Kidney Cancer (cont.)
In this Article
- Kidney cancer facts*
- What are the kidneys?
- What is cancer?
- What are kidney cancer causes and risk factors?
- What are kidney cancer symptoms and signs?
- How is kidney cancer diagnosed?
- How is kidney cancer staging determined?
- Methods of kidney cancer treatment
- What are the side effects of treatment for kidney cancer?
- What happens after treatment for kidney cancer?
- What does the future hold in the field of kidney cancer?
- What resources are there for patients with kidney cancer?
- Find a local Oncologist in your town
What are the kidneys?
The kidneys are a pair of organs on either side of the spine in the lower abdomen. Each kidney is about the size of a fist. Attached to the top of each kidney is an adrenal gland. A mass of fatty tissue and an outer layer of fibrous tissue (Gerota's fascia) enclose the kidneys and adrenal glands.
The kidneys are part of the urinary tract. They make urine by removing wastes and extra water from the blood. Urine collects in a hollow space (renal pelvis) in the middle of each kidney. It passes from the renal pelvis into the bladder through a tube called a ureter. Urine leaves the body through another tube (the urethra).
What is cancer?
Cancer begins in cells, the building blocks that make up tissues. Tissues make up the organs of the body.
Normally, cells grow and divide to form new cells as the body needs them. When cells grow old, they die, and new cells take their place.
Sometimes this orderly process goes wrong. New cells form when the body does not need them, and old cells do not die when they should. These extra cells can form a mass of tissue called a growth or tumor.
Tumors can be benign or malignant:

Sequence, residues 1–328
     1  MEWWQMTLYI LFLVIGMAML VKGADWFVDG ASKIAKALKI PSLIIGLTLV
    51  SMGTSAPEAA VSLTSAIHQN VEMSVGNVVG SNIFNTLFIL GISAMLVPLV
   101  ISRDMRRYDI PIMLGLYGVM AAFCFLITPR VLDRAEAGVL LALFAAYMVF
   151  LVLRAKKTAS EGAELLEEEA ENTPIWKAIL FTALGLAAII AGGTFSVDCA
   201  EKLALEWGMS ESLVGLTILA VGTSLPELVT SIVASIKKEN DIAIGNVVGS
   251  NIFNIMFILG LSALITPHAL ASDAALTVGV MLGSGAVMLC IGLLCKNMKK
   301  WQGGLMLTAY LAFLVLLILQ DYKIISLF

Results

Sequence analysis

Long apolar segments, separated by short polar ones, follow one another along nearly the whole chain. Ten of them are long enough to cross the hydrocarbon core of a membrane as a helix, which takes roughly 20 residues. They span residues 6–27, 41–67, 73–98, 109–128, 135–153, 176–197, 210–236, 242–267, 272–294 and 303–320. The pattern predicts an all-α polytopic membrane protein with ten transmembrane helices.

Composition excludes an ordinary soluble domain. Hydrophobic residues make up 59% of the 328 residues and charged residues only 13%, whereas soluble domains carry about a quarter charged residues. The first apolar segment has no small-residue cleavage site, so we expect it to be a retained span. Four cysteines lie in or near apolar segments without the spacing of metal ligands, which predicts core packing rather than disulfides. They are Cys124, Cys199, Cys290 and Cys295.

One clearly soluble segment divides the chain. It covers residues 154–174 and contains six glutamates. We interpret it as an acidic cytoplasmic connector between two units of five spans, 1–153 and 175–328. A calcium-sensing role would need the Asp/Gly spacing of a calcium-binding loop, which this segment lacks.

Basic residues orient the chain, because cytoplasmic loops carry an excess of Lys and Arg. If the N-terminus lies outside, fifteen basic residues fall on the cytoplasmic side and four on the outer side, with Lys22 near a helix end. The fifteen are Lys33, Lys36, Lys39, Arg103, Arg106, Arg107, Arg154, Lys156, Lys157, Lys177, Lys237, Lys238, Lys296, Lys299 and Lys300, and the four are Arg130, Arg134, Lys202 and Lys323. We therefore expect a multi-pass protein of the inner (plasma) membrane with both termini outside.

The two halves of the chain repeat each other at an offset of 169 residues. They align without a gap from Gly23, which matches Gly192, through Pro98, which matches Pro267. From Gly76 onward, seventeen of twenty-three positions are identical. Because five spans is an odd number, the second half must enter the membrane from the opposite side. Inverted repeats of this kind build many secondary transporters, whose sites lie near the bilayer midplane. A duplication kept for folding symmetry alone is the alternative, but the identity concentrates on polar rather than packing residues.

- Benign tumors are not cancer:
- Benign tumors are rarely life threatening.
- Usually, benign tumors can be removed, and they seldom grow back.
- Cells from benign tumors often look very much like normal cells. They do not invade tissues around them or spread to other parts of the body.
- Malignant tumors are cancer:
- Malignant tumors are generally more serious than benign tumors. They may be life threatening.
- Malignant tumors often can be removed, but they can grow back.
- Cells from malignant tumors often look very abnormal. They can invade and damage nearby tissues and organs. Also, cancer cells can break away from a malignant tumor and enter the bloodstream or lymphatic system. That is how cancer cells spread from the original cancer (primary tumor) to form new tumors in other organs. The spread of cancer is called metastasis.
Several types of cancer can start in the kidney. This booklet is about renal cell cancer, the most common type of kidney cancer in adults. This type is sometimes called renal adenocarcinoma or hypernephroma. Another type of cancer, transitional cell carcinoma, starts in the lining of the renal pelvis. It is similar to bladder cancer and is often treated like bladder cancer. Wilms tumor is the most common type of childhood kidney cancer. It is different from adult kidney cancer and requires different treatment. Information about transitional cell carcinoma and Wilms tumor is available from the Cancer Information Service at 1-800-4-CANCER and at http://cancer.gov.
When kidney cancer spreads outside the kidney, cancer cells are often found in nearby lymph nodes. Kidney cancer also may spread through the bloodstream to the lungs, bones, or liver. It may also spread from one kidney to the other.
When cancer spreads (metastasizes) from its original place to another part of the body, the new tumor has the same kind of abnormal cells and the same name as the primary tumor. For example, if kidney cancer spreads to the lungs, the cancer cells in the lungs are actually kidney cancer cells. The disease is metastatic kidney cancer, not lung cancer. It is treated as kidney cancer, not lung cancer. Doctors sometimes call the new tumor metastatic or "distant" disease.
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